The only available solution seems to involve the work of a man who, 15 years earlier, had been put in protective confinement (jail) supposedly for his own good and had been declared insane by government officials. The government determines that after the earth's rotation has stopped there will be a narrow band of habitable land surrounding the earth where darkness meets light. The government's plan is to use this man's work to make this band habitable and to limit access to those selected as worthy by the government.

Our small group of heroes bellieves the man's device can be used to start the earth's rotation again and save everybody. Most of the movie is about these two factions each seeking control of the man and his device, shooting at each other and trying to survive the increasing chaos produced by the gradual slowing of the earth's rotation.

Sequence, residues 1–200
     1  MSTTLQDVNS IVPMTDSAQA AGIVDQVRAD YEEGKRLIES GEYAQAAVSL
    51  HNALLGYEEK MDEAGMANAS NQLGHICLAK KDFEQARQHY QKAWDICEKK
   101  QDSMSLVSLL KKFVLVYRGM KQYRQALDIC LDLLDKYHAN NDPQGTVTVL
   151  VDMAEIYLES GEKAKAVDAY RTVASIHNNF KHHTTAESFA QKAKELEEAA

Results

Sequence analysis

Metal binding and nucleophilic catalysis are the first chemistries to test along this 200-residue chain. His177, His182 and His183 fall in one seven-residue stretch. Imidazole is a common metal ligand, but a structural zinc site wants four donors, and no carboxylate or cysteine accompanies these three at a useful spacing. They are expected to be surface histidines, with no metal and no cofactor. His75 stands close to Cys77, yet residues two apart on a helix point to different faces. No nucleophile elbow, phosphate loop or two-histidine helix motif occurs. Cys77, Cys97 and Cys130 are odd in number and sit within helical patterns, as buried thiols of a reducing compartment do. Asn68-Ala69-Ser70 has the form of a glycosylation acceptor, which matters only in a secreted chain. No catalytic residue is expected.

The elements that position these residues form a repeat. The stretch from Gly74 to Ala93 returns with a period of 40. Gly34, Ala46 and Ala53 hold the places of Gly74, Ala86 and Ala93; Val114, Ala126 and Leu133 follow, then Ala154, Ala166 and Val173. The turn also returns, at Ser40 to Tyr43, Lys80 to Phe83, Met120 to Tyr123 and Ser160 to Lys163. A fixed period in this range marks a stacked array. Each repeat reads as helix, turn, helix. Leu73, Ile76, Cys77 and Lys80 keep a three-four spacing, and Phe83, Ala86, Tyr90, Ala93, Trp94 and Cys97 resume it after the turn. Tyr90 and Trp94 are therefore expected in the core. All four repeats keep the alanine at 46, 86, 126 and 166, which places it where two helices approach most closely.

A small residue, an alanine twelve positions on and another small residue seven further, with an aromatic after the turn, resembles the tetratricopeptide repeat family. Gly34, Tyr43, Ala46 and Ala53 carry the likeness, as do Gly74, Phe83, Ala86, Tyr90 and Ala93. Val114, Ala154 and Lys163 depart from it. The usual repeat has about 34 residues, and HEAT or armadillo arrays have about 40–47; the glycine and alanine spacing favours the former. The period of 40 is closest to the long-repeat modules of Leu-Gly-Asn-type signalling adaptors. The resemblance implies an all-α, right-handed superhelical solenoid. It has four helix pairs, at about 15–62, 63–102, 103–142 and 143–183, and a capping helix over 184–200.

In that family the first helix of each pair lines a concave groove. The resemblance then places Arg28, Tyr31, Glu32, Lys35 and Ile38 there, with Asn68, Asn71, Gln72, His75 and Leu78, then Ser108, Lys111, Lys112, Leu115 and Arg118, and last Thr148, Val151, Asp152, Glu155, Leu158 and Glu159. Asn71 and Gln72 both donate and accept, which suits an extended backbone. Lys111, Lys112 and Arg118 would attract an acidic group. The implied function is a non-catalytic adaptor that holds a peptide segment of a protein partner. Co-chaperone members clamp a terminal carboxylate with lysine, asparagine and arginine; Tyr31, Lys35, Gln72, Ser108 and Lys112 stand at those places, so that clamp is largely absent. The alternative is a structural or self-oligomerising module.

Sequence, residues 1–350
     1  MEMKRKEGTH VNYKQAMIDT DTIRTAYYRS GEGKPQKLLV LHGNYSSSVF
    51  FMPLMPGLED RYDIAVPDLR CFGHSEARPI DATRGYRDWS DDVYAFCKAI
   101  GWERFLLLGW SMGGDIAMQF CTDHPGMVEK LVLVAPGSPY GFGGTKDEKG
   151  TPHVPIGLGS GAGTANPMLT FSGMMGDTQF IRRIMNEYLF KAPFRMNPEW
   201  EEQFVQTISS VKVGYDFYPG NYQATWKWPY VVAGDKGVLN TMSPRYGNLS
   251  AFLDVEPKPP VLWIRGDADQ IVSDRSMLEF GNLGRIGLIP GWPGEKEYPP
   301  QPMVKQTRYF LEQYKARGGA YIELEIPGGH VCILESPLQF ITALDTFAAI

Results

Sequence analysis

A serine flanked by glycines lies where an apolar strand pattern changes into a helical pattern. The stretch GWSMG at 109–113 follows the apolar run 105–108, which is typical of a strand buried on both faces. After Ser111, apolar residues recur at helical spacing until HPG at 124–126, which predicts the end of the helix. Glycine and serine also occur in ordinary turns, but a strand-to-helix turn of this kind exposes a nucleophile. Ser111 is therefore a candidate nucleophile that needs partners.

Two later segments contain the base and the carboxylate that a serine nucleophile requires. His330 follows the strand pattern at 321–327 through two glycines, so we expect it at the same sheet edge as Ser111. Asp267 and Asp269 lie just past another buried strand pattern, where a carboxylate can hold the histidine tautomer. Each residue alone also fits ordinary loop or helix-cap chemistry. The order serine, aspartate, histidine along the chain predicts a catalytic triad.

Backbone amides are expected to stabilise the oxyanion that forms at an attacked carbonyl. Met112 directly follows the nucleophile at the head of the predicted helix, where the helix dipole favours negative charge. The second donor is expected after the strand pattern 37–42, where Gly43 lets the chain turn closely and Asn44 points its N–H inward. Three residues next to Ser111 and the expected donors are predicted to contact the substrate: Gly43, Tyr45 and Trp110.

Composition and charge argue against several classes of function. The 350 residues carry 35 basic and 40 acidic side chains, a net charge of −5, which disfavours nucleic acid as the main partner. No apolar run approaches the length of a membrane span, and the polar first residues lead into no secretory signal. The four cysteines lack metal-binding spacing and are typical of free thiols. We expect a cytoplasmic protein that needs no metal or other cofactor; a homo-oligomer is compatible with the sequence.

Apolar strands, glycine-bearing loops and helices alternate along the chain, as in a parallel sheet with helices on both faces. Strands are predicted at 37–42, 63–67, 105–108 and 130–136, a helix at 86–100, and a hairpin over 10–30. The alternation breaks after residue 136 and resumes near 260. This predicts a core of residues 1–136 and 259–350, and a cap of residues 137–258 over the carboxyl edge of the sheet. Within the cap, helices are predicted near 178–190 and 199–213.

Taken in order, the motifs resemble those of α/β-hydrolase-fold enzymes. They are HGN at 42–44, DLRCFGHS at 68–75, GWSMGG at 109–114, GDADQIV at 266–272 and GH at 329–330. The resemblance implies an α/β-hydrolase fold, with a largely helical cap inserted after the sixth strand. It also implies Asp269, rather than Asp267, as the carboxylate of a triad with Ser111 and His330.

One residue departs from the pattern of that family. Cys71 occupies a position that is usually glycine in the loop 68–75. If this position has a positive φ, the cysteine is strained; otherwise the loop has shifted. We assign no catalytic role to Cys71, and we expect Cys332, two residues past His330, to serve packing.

Overall the movie moves at a good pace but does get bogged down at the end. I've seen it once now and will probably not want to watch it again although I'm glad I invested the time in watching it once.
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on April 7, 2013
I just read a stupid review after seeing this movie about this movie being leftwing, accusative. What is this person talking about. He obviously is trying to start trouble. This movie is an on the edge of your seat disaster film. It had great effects, a great story, good acting, and it's realistic. This will be one of those movies I watch over and over.
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on June 28, 2013
I just watch Earth's Final Hours. Well actually, I shut it off after the first 20 minutes. It's not just a bad B movie, it's a really bad B movie. And I would appreciate a refund from Amazon or at least a couple of pills for my head ache. One star because I can't enter 0.